Prime Minister Robert Mugabe's government today seized companies owned by the party of Joshua Nkomo and police raided its headquarters in moves that appear to be leading toward the breakup of the coalition between the two former guerrilla allies.
Nkomo said as much at a press conference this evening in a bitter reference to Mugabe's Zimbabwe African National Union party.
"This is the ZANU way of doing things," he said. "They worked with us up to a point. Now they think they can dispense with us, just like that. It would be better to shake hands and go our separate ways."
"The slap Mugabe has given me in my face is very hard," Nkomo said, but it was up to the prime minister to dismiss his party from the coalition Cabinet. He made it clear he has no intention of quitting at this point. ZANU has 57 of the 100 seats in parliament and could rule alone.
A break in the coalition formed two years ago when this key southern African nation won independence after a bloody war could lead to sharp divisions along tribal lines. Mugabe is from the majority Shona tribe while Nkomo is leader of the Ndebele minority centered in the southwest.
Today's police raid and takeover of the companies involved in agriculture, investment and commerce were Mugabe's first concrete actions against Nkomo's Patriotic Front party after 10 days of threats following the discovery of huge arms caches on farms owned by the junior coalition partner.
Arms discoveries continue to be announced almost daily despite a denial by the Patriotic Front of any advance knowledge of the caches.
Mugabe said last weekend that the caches include "mortars, bazookas, recoilless rifles, submachine guns, heavy machine guns and antiaircraft weaponry."
There is estimated to be enough weaponry to outfit 3,000 to 5,000 troops and, in addition, more than 40 military trucks, radios and jamming devices. Battlefied medical supplies also have been found.
Mugabe accused Nkomo of trying to overthrow the government and launched an unprecedented personal attack on the veteran nationalist, saying that to have Nkomo in the government was like having "a cobra in a house."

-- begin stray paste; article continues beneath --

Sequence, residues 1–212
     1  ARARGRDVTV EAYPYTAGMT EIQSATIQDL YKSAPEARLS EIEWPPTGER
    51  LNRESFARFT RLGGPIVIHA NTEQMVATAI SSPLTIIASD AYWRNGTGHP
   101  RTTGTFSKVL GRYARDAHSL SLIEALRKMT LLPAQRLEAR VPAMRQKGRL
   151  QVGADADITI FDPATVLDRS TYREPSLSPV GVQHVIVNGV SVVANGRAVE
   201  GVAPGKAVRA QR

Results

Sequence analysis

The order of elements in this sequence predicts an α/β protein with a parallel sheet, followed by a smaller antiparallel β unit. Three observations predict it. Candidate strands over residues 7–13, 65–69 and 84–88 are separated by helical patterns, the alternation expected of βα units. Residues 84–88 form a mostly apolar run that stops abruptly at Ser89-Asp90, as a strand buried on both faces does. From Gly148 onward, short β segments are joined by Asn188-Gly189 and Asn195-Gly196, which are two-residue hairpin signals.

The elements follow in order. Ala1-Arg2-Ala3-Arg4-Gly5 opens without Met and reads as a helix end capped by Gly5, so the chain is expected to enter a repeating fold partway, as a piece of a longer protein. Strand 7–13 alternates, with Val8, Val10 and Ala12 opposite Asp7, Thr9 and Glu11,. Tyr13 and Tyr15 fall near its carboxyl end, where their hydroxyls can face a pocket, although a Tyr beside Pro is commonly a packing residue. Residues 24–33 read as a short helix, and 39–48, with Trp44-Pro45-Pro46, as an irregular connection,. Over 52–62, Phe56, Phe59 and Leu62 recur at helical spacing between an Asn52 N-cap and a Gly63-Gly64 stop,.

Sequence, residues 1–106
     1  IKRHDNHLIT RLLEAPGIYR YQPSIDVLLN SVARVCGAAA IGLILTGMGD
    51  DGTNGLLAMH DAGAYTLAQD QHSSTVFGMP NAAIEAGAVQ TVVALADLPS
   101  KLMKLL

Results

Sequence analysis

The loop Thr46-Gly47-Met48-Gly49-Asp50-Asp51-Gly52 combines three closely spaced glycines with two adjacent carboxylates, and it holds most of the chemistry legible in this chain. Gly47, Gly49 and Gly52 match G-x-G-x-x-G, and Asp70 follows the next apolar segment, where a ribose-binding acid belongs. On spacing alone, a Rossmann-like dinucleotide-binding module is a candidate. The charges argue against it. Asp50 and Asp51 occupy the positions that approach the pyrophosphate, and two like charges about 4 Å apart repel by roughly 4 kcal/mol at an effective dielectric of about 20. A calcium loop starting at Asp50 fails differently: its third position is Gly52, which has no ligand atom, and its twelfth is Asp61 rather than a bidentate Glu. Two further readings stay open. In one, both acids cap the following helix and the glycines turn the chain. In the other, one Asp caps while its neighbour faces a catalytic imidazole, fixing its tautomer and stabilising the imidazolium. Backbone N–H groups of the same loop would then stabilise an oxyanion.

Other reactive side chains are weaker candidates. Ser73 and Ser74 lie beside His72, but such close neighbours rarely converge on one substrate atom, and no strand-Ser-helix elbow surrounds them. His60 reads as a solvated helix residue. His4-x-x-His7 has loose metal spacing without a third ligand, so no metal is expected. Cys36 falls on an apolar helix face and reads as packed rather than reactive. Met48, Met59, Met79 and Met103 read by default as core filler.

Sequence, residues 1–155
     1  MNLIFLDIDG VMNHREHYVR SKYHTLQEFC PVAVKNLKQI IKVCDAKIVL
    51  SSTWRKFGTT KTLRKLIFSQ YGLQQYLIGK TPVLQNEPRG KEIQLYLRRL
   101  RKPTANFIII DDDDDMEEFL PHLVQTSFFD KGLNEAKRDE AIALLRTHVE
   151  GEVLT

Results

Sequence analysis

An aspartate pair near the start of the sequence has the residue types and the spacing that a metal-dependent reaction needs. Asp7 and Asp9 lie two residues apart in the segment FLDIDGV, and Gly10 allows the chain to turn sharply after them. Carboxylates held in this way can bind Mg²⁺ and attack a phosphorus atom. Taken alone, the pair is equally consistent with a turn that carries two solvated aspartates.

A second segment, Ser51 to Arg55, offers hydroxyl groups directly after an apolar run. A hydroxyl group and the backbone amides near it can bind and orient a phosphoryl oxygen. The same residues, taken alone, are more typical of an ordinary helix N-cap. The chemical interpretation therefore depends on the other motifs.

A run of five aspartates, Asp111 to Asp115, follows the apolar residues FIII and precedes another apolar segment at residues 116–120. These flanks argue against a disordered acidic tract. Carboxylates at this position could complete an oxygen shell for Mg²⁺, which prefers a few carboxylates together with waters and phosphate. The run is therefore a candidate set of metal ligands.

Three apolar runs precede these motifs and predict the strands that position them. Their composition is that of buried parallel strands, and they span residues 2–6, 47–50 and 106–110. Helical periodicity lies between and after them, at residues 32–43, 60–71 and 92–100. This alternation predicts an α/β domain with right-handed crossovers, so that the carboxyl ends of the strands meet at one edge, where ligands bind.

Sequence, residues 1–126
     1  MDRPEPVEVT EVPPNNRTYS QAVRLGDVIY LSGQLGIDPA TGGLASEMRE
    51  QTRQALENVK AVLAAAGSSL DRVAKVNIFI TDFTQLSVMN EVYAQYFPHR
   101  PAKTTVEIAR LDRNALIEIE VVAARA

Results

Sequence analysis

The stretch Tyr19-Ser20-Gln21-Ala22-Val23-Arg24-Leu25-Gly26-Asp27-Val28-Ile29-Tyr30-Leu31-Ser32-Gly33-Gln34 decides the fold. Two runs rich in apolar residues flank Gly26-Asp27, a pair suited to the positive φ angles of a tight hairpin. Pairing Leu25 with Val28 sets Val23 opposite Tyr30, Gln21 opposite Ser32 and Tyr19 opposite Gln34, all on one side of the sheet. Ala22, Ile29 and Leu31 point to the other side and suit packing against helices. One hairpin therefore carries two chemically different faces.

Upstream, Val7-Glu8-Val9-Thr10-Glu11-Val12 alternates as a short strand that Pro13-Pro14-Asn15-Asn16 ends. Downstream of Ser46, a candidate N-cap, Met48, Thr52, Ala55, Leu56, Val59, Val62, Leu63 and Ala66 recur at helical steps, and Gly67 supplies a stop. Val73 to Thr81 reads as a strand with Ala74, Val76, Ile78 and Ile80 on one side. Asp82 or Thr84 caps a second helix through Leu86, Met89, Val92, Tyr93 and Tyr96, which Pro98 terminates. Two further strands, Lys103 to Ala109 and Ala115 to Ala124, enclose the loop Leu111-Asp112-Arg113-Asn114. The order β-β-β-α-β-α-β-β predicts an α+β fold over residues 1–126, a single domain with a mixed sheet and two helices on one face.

"The only way to deal effectively with a snake is to strike and destroy its head," Mugabe said, in a reference that has been interpreted to mean that getting rid of Nkomo will be the end of his party and will allow the prime minister to proceed with plans to form a one-party state.
Mugabe also criticized Nkomo's role during his three decades in the liberation struggle. Nkomo responded today by calling such remarks "childish" and added, "Where was Mugabe when we started?" Both men were imprisoned for 10 years under the white-minority rule of former prime minister Ian Smith.
Nkomo defended the arms caches saying, "All of us know that a lot of arms have been buried all over the country," as a result of the war. "We must not pretend," he added.
He also denied any plot "to overthrow the government in which we serve."
Home Affairs Minister Richard Hove said the companies were seized because they were "likely to endanger, disturb or interfere with defense, public safety or public order." The action was carried out under a 1971 law implemented by the Smith government.
Nkomo said many of the companies, worth "millions of dollars," that were seized were engaged in cooperative farming and successfully demonstrating a future path of development for the country.
"Now it is snatched away. The whole program is destroyed," he said.
Nkomo also complained that his personal farm at Kezi in southwestern Zimbabwe had been sealed off by police. He said he feared for the health of his 54-year-old wife who recently had a major operation and is not allowed to leave the farm.
Three policemen blocked the entry of the Patriotic Front's headquarters in downtown Salisbury. A party official said about 15 policemen were searching everything and had taken away some documents.
Today's anti-Nkomo actions were carried out while he and Mugabe were at a four-hour Cabinet meeting. No information was available on the meeting, but Nkomo said the atmosphere was "hot."
Nkomo said he attended the meeting, despite Mugabe's hostility, "for the sake of the country."
The central committee of ZANU was meeting tonight to discuss the political situation. Mugabe said last weekend that a decision on the role of Nkomo's party in the government would be announced this week.